Designated Counties Exclusion Leads to Coverage Denial in Product Liability Claim

Colleen Lorito worked at a Home Depot store in Freeport, New York, in Nassau County. She suffered a severe hand injury while working with a cutting machine designed to cut pre-made window blinds to meet the specifications of Home Depot’s customers. The blinds and cutting machines were marketed by Richland Window Coverings, LLC, doing business as Nien Made (America), headquartered in California. When Colleen and her husband filed a product-liability lawsuit against Richland in Nassau County, Richland’s insurer, Admiral Insurance Company, disclaimed coverage. Richland sued Admiral in its home state of New Jersey for a declaratory judgment that it owed coverage. On appeal, the New Jersey Supreme Court sided with Admiral. Here’s why.

The Admiral policy contains a “Designated New York Counties” Exclusion, listing the five counties that make up New York City, two nearby upstate counties, and the counties of Long Island – Nassau and Sussex. There would be no coverage for Richland for any liability “arising out of, related to, caused by, or in any way connected with . . . [any] operations or activities performed by [Richland]” in any of the designated counties. Admiral asserted that Richland’s activities at the Freeport Home Depot, in Nassau County, triggered the Exclusion, denying coverage to Richland for Colleen’s accident claim.

(Why all those counties? Five of those nine counties are actually defendants’ venues – especially Nassau and Suffolk.)

Richland argued before the New Jersey courts that it sold blinds and cutting machines to Home Depot, not to any specific store location. The Supreme Court looked beyond the four corners of the complaint to review all background facts, to determine that Colleen’s injuries were “connected with” and “related to” Richland’s operations and activities at the Home Depot in Nassau County. The allegations of the complaint alone were insufficient to answer the coverage question.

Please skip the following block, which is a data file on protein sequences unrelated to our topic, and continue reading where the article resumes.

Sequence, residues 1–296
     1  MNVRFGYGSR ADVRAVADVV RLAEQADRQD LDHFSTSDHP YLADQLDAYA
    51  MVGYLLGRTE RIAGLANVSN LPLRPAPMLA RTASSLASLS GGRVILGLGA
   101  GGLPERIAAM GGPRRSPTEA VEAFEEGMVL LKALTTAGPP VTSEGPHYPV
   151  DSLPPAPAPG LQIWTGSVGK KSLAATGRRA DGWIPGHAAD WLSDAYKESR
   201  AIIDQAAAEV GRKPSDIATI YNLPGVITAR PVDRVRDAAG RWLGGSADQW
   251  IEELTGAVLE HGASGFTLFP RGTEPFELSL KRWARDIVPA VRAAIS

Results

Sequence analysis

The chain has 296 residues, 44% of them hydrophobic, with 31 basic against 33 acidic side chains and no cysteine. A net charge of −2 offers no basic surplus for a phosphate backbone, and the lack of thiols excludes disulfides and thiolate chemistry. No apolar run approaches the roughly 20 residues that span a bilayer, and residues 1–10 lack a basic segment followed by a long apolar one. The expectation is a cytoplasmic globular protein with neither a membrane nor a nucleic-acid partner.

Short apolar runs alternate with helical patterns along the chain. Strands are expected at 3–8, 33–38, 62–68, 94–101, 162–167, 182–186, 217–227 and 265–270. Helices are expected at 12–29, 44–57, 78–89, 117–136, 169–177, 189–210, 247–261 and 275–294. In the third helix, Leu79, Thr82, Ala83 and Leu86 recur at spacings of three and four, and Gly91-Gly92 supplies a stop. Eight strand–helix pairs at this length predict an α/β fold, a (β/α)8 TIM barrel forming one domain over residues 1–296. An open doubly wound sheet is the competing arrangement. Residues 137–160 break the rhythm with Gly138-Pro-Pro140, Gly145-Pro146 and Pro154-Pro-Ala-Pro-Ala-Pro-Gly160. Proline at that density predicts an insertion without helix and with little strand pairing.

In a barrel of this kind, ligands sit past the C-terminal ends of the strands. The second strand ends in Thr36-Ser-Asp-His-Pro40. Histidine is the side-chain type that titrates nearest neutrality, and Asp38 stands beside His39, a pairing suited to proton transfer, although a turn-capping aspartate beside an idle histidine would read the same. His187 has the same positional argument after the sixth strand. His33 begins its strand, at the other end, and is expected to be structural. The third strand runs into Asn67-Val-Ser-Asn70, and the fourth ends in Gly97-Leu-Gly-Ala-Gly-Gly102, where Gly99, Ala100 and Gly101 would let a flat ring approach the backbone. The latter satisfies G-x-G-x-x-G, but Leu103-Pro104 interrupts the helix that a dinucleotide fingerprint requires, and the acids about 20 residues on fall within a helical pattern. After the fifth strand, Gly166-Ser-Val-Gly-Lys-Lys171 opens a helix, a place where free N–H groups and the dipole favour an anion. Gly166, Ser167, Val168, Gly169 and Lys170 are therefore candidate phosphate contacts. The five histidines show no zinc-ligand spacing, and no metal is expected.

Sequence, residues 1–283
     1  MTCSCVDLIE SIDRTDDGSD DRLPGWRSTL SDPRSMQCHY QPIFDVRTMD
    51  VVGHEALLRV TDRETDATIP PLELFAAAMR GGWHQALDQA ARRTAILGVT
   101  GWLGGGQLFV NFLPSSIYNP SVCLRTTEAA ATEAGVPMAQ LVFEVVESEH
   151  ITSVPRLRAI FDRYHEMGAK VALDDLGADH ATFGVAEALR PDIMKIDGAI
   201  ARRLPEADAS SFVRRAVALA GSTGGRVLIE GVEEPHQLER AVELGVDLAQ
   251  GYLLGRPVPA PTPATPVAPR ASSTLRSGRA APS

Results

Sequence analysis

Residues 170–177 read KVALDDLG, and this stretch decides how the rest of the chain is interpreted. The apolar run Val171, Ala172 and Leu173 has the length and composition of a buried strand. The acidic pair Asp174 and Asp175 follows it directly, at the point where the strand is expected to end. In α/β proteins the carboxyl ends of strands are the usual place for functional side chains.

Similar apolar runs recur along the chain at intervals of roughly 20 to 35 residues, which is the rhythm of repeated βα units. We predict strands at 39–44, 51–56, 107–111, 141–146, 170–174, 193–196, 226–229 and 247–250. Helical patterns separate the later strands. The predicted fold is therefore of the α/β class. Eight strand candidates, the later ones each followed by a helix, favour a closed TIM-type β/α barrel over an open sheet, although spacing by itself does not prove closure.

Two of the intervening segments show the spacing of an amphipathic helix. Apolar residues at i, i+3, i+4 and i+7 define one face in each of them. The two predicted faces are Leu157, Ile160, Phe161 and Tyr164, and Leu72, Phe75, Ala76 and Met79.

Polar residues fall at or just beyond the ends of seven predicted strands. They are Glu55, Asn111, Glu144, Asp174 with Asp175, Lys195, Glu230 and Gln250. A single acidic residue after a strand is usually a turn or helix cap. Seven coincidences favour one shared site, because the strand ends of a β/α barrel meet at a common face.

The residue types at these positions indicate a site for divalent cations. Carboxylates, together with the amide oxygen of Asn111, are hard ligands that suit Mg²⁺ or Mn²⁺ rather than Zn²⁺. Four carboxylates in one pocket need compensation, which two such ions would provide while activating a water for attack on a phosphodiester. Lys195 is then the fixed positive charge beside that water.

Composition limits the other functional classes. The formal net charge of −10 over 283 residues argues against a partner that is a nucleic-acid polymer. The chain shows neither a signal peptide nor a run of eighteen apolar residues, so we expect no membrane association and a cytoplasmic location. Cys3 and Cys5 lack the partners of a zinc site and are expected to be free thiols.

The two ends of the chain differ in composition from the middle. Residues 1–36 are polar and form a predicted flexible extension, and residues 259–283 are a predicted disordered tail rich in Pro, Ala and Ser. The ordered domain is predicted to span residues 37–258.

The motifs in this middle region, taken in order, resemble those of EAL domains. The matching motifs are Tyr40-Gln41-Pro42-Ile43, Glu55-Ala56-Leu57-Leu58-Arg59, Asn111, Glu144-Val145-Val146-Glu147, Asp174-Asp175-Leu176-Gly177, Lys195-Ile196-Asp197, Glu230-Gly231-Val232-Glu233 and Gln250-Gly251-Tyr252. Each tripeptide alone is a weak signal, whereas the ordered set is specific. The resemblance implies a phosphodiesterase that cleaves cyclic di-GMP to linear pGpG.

The Court gleaned from the record that Richland sells Nien Made window covering products to national retailers such as Home Depot. It also provides the cutting machines to cut the blinds to customers’ specifications, and a user manual for the retailers’ employees to learn how to use the cutting machines. Its representatives visit the stores, train employees on the machines and answer questions about the blinds and machines. They maintain and repair the machines, and replace cutting blades as needed, on site. All those activities occurred at the Freeport Home Depot store where Colleen was injured.

The Supreme Court found that Richland was more than a distant marketer. Its activities in Nassau County were sufficient to conclude that Colleen’s injuries were “connected with” and “related to” Richland’s operations and activities in Nassau County. The Exclusion was upheld, and Richland was denied liability coverage for Colleen’s Nassau County lawsuit.

For insurance-law purists, neither the Supreme Court nor the Appellate Division, below, explained why New Jersey insurance law governed the outcome. True, Admiral is a New Jersey-based insurer. But Richland is headquartered in California, where the policy was presumably delivered. Colleen is a New York resident, where she sustained her injury. A choice-of-law discussion is absent from the Supreme Court’s opinion. Nor is there any discussion of the purpose or enforceability of the Exclusion.

For insureds, you may be well advised to review your policies when issued, unless you have absolute confidence in your insurance broker to do so on your behalf. Here, Colleen’s lawsuit will proceed, but Richland will not have the benefit – or comfort – of coverage under the Admiral policy. That matters.